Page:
“I wish I could, Sheriff, but you know I can’t.” The coroner’s solemn expression didn’t change or fade, instead, she only frowned and looked up from the gash she had been examining in the body’s torso. “Most of these wounds look like they came from some kind of…” She sighed, her eyebrows lifting upwards in an exasperated way. “..curved weapon? But it had to have been at least ten inches long, and very dull.” She paused and, using the end of the scalpel in her hand, touched the jagged edges of one of the wounds. “You see this? Just like the others, the skin was torn, it wasn’t sliced. If this was an animal…”
“Yeah.” Jim nodded his head and released a small sigh, brushing the palm of his hand down over the front of his face. It had been the same story for the other bodies, as well. He didn’t need her to finish the sentence because he could already hear the words in his head. If it had been an animal, that animal had to be extremely large. Not to mention that, after death, none of the victims appeared to be touched. Wild animals didn’t kill just for sport, they didn’t walk away just because their prey wasn’t breathing anymore.
“Thanks, Charlie.” He gave the woman a tired smile, and she nodded though she didn’t bother to look up from her inspection of the wound. He didn’t wait around, honestly, he didn’t want to see the next part. Forty years as sheriff of Doewater Creek had done nothing to prepare him for this, and he was at a complete loss of what to do next.
“Jimmy?” How many times the woman at the front desk must have said his name before catching his attention he wasn’t sure, but judging by her worried expression there was no way this had been the first. In an attempt to lay to rest any worries he offered a calm smile and lifted a set of thick bushy eyebrows.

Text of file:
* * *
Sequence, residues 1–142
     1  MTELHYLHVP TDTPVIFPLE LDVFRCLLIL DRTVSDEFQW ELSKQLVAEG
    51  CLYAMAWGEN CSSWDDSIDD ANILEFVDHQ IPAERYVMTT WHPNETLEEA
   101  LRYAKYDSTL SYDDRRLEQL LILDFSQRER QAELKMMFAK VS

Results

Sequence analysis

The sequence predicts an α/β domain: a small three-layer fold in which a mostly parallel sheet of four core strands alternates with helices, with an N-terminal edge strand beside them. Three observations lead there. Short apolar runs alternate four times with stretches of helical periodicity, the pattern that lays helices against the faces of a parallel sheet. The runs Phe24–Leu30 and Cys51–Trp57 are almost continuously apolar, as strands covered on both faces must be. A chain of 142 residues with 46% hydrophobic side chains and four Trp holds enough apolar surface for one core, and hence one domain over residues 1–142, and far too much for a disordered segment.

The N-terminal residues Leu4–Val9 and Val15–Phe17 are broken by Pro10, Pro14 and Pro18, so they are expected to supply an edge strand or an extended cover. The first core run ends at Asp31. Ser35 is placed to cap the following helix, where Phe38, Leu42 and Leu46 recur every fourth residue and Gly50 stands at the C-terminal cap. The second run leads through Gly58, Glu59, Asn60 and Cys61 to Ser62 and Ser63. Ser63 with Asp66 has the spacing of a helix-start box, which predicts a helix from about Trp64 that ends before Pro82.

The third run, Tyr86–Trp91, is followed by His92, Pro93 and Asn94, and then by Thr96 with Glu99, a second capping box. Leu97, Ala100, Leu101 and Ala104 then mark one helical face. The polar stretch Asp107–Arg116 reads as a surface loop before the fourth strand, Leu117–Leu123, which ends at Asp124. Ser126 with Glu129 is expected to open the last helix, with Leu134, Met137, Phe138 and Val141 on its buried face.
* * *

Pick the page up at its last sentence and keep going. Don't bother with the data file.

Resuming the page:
“What is it, Janet?” He honestly forgot how small the building was sometimes. There never had been a need for a large station in Doewater, not with how small the population had always been. A handful of rookie cops, a secretary, and, most recently, a coroner who had had more work at the hospital than she had ever performed at the precinct.
“There’s….a man here to see you.” She seemed hesitant, like the whole appearance of the man had been odd, or awkward, and it caused one of his eyebrows to pull just slightly higher than the other as he turned his head. “I told him to wait in your office.”
“Alright, Janet, Thank you.” Jim slowly bobbed his head, looking back through the small station at the slightly ajar door to his office, before shaking his head and turning himself entirely to begin the slow lumbering movements in that direction. It was times like these when he really thought about how old he was. Seventy wasn’t what people would guess when they looked at him, he kept himself up for the most part, but the grayed beard that stubbled his chin, and the creaking of a joint when he paused outside of the door to the office would give it away easily in his opinion.
The man standing in the corner of his office was tall and slender. From the back all Jim could really see was the length of black coat he was wearing and the mop of well tended black hair that sat neatly trimmed along the back of the man's pale neck. However, as he turned towards him there were several other things that were hard not to take note of.
For instance “pale” was an understatement. He didn’t look healthy with the almost sickly white pallor that covered every inch of available skin, which wasn’t much since he was covered from head to toe in the fine lines of an expensive looking black suit. It was hard not to note the sharp angles of his face, how each line of his jaw and cheekbones seemed to sit tightly against the skin, or the piercing blue of his eyes as he brought them around to focus on him.